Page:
Bridging the gaps in the silence
The main reason why rape cases fall by the wayside is that the victims, in most cases, are afraid to speak up.india Updated: Jul 18, 2008 21:26 IST
A woman is raped every hour in India. Fifty-eight per cent of the victims are below the age of 16. The Supreme Court must have had this in mind when it made its extraordinary judgement that a man can be convicted of rape on the basis of the victim’s testimony without evidence to corroborate the charges. Coming as this does on the heels of the government’s far-reaching proposals to amend the Criminal Procedure Code provisions on rape, victims now have a real chance of securing justice. The government had prescribed a two-month deadline on rape trial proceedings, women judges to preside over the bench, the right to record evidence at home and the right of the victim to appeal an acquittal, until now solely the prerogative of the state.
The main reason why rape cases fall by the wayside is that the victims, in most cases, are afraid to speak up. The laws have been so lax that in the absence of physical evidence of rape, defined very narrowly so far, it has been easy for lawyers hired by the accused to further traumatise the victim. Though the law is clear that rape is not merely a physical assault but destroys the personality of the victim, the manner in which legal proceedings are designed make the victim relive her pain and humiliation. In the case of children, the situation is even worse. The child is unable to show that she resisted the attempts to molest her and is also unable to understand the prurient line of questioning that characterises rape enquiries.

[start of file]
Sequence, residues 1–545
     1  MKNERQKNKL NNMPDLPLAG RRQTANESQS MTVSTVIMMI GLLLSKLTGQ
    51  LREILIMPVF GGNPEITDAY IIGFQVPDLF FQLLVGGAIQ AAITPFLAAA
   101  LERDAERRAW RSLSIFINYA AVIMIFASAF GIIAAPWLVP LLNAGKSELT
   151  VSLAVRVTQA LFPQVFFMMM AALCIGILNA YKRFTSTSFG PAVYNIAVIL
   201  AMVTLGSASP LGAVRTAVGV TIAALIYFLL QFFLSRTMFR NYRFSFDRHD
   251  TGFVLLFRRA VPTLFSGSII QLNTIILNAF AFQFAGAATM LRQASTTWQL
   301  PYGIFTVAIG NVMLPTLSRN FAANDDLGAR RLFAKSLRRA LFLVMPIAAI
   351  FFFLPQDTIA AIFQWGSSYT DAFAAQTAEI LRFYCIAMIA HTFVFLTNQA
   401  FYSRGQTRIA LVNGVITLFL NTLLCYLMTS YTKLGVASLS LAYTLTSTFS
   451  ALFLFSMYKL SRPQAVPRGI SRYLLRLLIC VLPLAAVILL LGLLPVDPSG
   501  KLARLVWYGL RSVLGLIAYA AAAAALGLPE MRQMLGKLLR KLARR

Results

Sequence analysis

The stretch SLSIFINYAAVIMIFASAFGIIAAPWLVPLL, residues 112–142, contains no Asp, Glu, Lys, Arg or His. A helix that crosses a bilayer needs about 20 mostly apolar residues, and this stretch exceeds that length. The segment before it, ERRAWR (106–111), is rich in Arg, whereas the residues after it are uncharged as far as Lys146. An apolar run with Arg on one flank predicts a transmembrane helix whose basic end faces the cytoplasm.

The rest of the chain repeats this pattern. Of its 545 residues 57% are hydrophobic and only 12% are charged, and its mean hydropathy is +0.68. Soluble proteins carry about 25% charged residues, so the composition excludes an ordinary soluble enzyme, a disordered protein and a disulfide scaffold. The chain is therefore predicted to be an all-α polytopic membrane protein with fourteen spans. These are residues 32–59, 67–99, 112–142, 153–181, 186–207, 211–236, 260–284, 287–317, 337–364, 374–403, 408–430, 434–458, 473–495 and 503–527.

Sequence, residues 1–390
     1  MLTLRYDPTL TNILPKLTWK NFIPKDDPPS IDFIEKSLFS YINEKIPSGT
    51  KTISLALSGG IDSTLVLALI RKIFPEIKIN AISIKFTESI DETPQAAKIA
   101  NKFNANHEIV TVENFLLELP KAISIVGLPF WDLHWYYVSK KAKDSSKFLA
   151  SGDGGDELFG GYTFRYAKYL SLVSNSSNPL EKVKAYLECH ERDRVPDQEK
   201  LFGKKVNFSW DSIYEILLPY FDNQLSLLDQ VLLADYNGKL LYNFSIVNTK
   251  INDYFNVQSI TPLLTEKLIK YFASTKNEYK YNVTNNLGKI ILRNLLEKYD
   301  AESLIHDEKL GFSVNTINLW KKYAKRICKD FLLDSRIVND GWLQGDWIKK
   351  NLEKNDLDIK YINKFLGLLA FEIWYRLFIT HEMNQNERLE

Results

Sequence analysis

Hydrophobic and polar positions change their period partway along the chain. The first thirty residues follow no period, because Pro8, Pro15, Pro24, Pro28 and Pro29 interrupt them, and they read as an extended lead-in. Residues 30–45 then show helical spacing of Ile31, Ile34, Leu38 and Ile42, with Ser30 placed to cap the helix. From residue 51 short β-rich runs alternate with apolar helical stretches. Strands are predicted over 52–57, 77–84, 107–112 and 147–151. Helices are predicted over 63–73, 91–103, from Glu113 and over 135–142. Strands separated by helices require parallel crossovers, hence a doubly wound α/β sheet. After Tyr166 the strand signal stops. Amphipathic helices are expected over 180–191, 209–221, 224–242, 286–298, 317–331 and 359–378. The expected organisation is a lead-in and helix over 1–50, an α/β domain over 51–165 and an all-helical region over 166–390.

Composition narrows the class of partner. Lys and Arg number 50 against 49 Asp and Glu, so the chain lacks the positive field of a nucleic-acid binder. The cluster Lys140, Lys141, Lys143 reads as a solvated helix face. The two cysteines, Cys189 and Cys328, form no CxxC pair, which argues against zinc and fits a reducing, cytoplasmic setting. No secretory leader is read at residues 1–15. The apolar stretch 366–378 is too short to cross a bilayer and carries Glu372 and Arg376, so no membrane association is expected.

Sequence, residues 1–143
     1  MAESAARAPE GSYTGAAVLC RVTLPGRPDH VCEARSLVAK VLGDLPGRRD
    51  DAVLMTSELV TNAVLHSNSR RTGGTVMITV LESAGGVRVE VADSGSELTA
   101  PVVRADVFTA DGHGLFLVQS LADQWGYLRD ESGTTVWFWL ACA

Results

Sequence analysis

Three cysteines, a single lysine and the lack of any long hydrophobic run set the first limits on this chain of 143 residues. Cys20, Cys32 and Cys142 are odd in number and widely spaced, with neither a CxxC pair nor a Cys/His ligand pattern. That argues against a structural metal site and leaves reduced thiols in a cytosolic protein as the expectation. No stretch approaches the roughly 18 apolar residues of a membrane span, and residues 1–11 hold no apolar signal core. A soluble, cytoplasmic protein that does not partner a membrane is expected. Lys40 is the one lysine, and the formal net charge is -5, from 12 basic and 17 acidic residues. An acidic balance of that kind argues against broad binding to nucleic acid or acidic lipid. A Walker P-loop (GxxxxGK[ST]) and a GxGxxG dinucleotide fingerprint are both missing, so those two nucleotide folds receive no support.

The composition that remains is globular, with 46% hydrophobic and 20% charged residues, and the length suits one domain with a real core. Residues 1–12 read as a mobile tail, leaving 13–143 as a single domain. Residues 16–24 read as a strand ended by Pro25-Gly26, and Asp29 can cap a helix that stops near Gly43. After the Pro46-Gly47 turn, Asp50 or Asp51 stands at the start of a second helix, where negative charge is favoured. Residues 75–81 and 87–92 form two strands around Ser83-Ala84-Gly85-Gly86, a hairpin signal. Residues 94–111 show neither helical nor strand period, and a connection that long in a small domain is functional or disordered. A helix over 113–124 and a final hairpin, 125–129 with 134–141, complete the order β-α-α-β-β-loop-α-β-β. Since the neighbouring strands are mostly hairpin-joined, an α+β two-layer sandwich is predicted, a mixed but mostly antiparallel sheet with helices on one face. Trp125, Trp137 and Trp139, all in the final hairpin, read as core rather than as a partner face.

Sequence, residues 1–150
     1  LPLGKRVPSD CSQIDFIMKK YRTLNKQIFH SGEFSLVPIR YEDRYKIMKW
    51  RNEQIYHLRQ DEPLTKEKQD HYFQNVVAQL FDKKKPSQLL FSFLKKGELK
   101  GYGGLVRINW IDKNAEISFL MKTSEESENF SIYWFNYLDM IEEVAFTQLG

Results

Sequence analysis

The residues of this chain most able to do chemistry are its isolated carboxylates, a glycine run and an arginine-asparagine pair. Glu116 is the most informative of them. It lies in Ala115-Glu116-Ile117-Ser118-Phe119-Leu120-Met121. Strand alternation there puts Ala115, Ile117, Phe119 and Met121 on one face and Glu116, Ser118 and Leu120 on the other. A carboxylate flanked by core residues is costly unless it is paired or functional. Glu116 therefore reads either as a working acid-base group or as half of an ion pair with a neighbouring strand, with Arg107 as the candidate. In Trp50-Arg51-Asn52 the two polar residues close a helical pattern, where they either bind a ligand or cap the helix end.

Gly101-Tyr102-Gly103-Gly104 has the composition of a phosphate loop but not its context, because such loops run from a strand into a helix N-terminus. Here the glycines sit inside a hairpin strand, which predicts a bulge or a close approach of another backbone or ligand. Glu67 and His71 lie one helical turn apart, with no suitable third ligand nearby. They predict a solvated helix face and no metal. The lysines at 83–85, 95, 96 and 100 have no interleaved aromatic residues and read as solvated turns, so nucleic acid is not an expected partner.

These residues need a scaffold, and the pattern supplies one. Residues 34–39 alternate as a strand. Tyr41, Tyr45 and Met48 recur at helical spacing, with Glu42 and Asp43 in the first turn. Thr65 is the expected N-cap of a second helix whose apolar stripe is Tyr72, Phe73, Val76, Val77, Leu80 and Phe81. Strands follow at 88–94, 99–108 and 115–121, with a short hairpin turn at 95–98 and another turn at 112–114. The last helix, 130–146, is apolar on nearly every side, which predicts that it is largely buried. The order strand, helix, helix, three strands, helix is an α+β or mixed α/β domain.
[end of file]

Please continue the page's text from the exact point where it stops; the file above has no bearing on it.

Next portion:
A study undertaken by a Delhi-based NGO showed that out of 109 judges, 50 per cent felt that child rapes were committed only by the uneducated and economically disadvantaged classes. The police too are cavalier about recording the evidence of a poor or illiterate victim.
Can the new judgement by the apex court be misused? Yes. But such is the stigma attached to rape that the chances of anyone crying wolf or trying to settle scores using this issue are minimal. The real challenge now is to generate awareness among women that the law has weighed in on their side. That they need not fear to speak up. If this is done, then we are well on our way to gender justice for this most heinous of crimes.